Russia jumps on UK admission over novichok nerve agent as Putin calls for OPCW meeting to put an end to row

'The speed of the anti-Russian campaign has been bewildering'

Oliver Carroll
Thursday 05 April 2018 09:34
Jeremy Corbyn says Boris Johnson has 'questions to answer' over Porton Down Novichok claims

“Novichok” and “Solsberi” leaped to the top of Russian propaganda broadcasts overnight, as pro-Kremlin media seized on an admission that British scientists had been unable to identify the “precise source” of the nerve agent used against former spy Sergei Skripal and his daughter Yulia.

“Have you no shame, Theresa?” thundered headlines on the country’s main news network on Wednesday morning. The revelation from the Portland Down military laboratory was a slap in the face for the British, presenters suggested — and now the prime minister will find it impossible to maintain a European alliance.

“Theresa May has to prove the basis of accusations or she needs to step down,” they said.

Throughout the day, state news interspersed PMQ interventions by the Labour leader Jeremy Corbyn with gleeful comments by President Putin, who was speaking on the matter for only the second time.

“The speed of the anti-Russian campaign has been bewildering,” said Mr Putin. “Scotland Yard had declared they needed no less than two months for a full investigation...”

In reporting the Portland Down admission, there was no mention of earlier narratives that linked the laboratory to the poisoning itself. Likewise, few publications reported the entirety of comments made by the chief executive Gary Aikenhead. His surprising assertion that it was never the intention to ascertain the country of origin was all too easily cut – no doubt, much to the chagrin of the British government.

On Wednesday, the head of Russia’s Foreign Intelligence Service Sergei Naryshkin described the Skripal case as a “grotesque provocation” by American and British spy agencies. He went on to compare the current confrontation to the Cuban Missile Crisis of 1962, the nearest the Soviet Union and the US came to nuclear war.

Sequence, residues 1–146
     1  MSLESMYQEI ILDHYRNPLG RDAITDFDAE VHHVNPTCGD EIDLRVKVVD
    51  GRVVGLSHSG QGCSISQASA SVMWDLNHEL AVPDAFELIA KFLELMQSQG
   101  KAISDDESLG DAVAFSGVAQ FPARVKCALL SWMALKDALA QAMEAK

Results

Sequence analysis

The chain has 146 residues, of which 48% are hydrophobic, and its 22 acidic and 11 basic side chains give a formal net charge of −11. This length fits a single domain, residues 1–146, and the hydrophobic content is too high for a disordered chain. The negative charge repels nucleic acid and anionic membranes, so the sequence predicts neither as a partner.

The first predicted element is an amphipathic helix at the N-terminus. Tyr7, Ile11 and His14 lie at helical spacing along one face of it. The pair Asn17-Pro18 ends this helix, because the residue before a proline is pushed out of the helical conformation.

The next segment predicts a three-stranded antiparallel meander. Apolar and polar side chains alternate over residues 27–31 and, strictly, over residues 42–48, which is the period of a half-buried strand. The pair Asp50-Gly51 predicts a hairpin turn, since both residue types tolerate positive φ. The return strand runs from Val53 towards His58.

“We need to stop raising stakes irresponsibly, and projecting power on to interstate relations to avoid a new crisis,” he said.

Whatever Mr Aitkenhead had intended to say with his much-spun comments, they have laid bare some of the weaknesses in the official British position.

Using a formula of “capability, intent and motive” the UK has said it is “highly likely” that Russia was responsible for the Salisbury attack. Questions persist over each part of that formula.

An investigation by Russian independent media has already shown that novichok stocks were sold to organised criminals in the 1990s – indicating groups other than the state theoretically have the capacity to kill using such a nerve agent.

A widely mistranslated phrase, allegedly uttered by the Russian president – “traitors will kick the bucket” – is regularly used to justify the second strand of the allegation, intent. Mr Putin actually said “traitors will kick the bucket without our help”. The Kremlin has formally denied having an assassination list.

The third leg of the troika, motive, has puzzled many experts from the start. Mr Skripal was not, apparently, actively collaborating with British security services, and had been pardoned during the spy swap. While the British ultimatum played into Mr Putin’s election campaign, it was not clear at the time that this would be so.

The existence of additional intelligence material has been broadly hinted at by the British side. It was as much as confirmed in statements by the US ambassador to Moscow, John Huntsman, last week. Downing Street will now face increased pressure to make some of its more sensitive information public.

Meanwhile, Russia today hopes to extend its PR victory at an extraordinary meeting of the Organisation for the Prohibition of Chemical Weapons in the Hague. The meeting, convened by Russia, is being held behind closed doors, with a statement is expected about 5pm British time.

Russia has submitted 20 written questions to the meeting. Mr Putin has suggested – somewhat hopefully – that the answers could be enough to “put a full stop” to the affair.

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